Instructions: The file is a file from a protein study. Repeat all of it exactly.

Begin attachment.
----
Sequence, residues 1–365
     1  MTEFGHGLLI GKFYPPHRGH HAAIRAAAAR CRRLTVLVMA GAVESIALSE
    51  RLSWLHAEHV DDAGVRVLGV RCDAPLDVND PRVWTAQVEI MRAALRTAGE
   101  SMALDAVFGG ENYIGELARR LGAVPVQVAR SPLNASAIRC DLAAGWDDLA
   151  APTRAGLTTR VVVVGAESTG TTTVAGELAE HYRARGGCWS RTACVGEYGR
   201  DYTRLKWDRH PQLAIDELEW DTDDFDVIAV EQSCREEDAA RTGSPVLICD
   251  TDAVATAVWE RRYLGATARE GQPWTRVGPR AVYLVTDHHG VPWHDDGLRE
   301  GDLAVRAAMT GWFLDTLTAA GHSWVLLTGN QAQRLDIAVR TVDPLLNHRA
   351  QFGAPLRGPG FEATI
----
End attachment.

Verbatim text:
Sequence, residues 1–365
     1  MTEFGHGLLI GKFYPPHRGH HAAIRAAAAR CRRLTVLVMA GAVESIALSE
    51  RLSWLHAEHV DDAGVRVLGV RCDAPLDVND PRVWTAQVEI MRAALRTAGE
   101  SMALDAVFGG ENYIGELARR LGAVPVQVAR SPLNASAIRC DLAAGWDDLA
   151  APTRAGLTTR VVVVGAESTG TTTVAGELAE HYRARGGCWS RTACVGEYGR
   201  DYTRLKWDRH PQLAIDELEW DTDDFDVIAV EQSCREEDAA RTGSPVLICD
   251  TDAVATAVWE RRYLGATARE GQPWTRVGPR AVYLVTDHHG VPWHDDGLRE
   301  GDLAVRAAMT GWFLDTLTAA GHSWVLLTGN QAQRLDIAVR TVDPLLNHRA
   351  QFGAPLRGPG FEATI